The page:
6. Hi Michael and Meghan, Yes it's a long hard road and there will be many more ups and downs but You've handled the first bit you can do this! The doctors and Insurance like to think that at 12 months you have what you'll get, but don't listen to them. That is old thinking, and as you say if you keep working at it things will improve, maybe not fast but it does happen and will keep happening so long as you are are challenging the brain to keep adapting. Life probably won't get back to exactly what you had before, but you will both learn to deal with this and adapt to your new life. We never really stop missing who we were and what we used to have, but life is good even so and you need to laugh and enjoy it. I do hope you both get over the communication hurdle. Independence and a sense of control are vital. Please don't try to shield Meghan from the decisions, She needs to have some control over her own life and body. Give her options and let her choose whenever possible, even if its just little things like what colour socks she wants to wear.
  7. I'm trying a night splint again. The theory is that if the hand can't contract overnight it won't be as stiff. So far I'm in the acclimatise phase, it's weird. My hand is so "cross" by the time I get the damn thing on that it spends the next hour "moaning" not looking forward to the review on Monday. At least I'm not getting any pressure spots from it.
  8. I don't think I've ever met a demented weasel, but it sounds like your results are much like mine. Thankfully family is not as judgmental of my results as I am.
  9. Pretty much what Scott said. Some days I'm frustrated and out of patience with myself and this whole thing but most days I'm good at being a duck. I accept that life is what it is and what I can't change is not worth getting cross at. The big challenge of the year is looming for me. I so used to love wrapping gifts for Christmas, these days it just shows me how cack handed I have become. It takes forever and I'm never happy with the result, but I still refuse to let others do it for me.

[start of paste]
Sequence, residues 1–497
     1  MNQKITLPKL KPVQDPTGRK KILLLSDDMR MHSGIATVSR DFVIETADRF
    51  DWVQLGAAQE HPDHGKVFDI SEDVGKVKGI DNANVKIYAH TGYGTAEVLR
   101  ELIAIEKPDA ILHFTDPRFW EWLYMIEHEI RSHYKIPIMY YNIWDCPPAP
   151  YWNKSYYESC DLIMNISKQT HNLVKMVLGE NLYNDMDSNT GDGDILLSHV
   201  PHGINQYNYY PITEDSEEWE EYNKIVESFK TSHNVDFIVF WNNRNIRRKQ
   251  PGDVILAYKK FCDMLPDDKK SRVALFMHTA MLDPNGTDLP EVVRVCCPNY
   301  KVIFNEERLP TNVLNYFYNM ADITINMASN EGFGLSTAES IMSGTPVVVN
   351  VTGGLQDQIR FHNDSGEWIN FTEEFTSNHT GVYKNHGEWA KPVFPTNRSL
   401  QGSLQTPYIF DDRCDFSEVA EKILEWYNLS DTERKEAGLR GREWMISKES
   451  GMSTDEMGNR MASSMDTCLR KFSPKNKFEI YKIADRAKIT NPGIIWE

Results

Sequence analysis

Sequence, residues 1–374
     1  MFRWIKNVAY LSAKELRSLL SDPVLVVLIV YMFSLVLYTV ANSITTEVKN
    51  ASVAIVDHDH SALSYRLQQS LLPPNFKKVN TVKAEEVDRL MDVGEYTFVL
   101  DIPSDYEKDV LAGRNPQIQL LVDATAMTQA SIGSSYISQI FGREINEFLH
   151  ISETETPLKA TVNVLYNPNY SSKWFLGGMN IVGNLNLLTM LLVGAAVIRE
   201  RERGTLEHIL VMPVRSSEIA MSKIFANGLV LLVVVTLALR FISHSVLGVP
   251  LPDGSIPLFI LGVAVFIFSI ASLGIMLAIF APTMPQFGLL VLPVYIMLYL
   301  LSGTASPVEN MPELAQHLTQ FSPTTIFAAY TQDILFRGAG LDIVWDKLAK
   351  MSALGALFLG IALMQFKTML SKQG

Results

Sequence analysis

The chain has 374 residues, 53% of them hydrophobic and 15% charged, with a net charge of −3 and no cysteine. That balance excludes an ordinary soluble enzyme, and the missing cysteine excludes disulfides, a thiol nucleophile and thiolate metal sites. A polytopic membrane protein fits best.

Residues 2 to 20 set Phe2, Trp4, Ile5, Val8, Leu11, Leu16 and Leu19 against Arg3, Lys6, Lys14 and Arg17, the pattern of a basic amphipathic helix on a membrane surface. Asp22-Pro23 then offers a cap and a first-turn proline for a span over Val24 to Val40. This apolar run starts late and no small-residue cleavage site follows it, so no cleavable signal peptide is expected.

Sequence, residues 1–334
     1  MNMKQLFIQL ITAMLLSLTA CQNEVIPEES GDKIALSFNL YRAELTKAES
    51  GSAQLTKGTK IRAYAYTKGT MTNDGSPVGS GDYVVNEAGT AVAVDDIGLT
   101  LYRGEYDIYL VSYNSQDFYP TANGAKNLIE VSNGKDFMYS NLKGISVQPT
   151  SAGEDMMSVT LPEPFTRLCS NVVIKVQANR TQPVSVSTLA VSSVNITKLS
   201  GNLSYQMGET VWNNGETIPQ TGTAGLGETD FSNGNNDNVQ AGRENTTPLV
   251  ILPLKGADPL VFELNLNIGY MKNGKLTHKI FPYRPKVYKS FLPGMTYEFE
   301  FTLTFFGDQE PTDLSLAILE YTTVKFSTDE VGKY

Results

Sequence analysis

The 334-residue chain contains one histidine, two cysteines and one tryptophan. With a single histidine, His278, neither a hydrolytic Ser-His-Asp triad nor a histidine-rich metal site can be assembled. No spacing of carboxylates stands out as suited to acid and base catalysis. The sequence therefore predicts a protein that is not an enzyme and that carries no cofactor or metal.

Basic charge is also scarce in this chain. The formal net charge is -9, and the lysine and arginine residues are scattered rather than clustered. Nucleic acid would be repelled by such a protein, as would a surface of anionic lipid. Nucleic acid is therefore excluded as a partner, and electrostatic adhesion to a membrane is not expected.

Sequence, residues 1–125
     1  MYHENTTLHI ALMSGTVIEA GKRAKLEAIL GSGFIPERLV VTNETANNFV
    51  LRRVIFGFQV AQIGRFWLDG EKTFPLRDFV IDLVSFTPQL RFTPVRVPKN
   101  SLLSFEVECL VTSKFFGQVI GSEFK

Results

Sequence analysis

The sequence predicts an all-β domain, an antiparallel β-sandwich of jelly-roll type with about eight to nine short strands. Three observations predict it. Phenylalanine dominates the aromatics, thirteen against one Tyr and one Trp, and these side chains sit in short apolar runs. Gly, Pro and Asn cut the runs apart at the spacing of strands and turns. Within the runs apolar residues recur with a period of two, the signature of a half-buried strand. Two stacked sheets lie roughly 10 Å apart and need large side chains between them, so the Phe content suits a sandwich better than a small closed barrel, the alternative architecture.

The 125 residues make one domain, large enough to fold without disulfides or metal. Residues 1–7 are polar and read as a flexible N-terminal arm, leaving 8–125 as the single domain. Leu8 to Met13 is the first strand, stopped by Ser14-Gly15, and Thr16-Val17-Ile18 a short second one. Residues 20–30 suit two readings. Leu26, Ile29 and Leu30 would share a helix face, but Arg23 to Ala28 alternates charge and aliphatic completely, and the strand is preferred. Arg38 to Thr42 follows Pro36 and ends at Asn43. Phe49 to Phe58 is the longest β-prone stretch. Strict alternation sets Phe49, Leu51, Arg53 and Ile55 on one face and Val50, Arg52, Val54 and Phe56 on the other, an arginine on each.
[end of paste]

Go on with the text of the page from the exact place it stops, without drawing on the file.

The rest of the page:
10. Hi Heather ( another Heather here), I can't help much with the anxiety side of it, thankfully I've not had that sort of issue, but it's not uncommon. Is the numbness a lack of sensation or reduced sensation, or heaviness, or something else? In the first 6 months after my stroke I had no sensation in my left arm (I could not tell if anything touched my arm or hand and I did not know where it was without looking at it.) The OT got me to do nerve stimulation exercises to encourage the brain to reconnect to it. It has greatly improved since then I now have basic position feedback (although I don't completely trust it) and I know when I'm being touched even if I can't always tell you exactly where I'm being touched or what with. I still only have very minimal conscience movement in that arm/shoulder and no practical function. The nerve stimulation stuff is easy if you want to try it. It involved having a sink/bucket of cold water next to one of warm-hot water. I had to put the good arm in the cold water and measure how long I could stand it while also concentrating on what it felt like, and then put the bad arm in the cold water for the same length of time remembering what it should feel like, then repeat with the warm-hot water immediately after, repeat that cycle 3 times, then the same mental process while drying the arm with a rough towel. repeat the whole thing at least twice a day. Over a week or so the brain learned those sensations and their contrasts and after about a month I was able to pass the hot cold touch test with the OT. The explanation I was given for the blue/cold I get (mostly in my foot but occasionally in my hand) is due to damage to the auto immune functions which are thought now to be a function of the white matter in the brain (for many years the white matter was thought to be passive filler, but new research is suggesting that is does actually do stuff, and stroke damages both grey and white matter) your autoimmune system looks after things like lymphatic drainage and temperature regulation. The subconscious systems that keep the body operating, not just fighting off disease.